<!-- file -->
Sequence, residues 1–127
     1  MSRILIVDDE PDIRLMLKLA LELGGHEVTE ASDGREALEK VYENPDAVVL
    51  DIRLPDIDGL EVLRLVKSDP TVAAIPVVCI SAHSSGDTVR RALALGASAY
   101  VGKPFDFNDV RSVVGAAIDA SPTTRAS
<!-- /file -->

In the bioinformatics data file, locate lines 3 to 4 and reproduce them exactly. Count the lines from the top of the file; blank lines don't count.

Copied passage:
    51  DIRLPDIDGL EVLRLVKSDP TVAAIPVVCI SAHSSGDTVR RALALGASAY
   101  VGKPFDFNDV RSVVGAAIDA SPTTRAS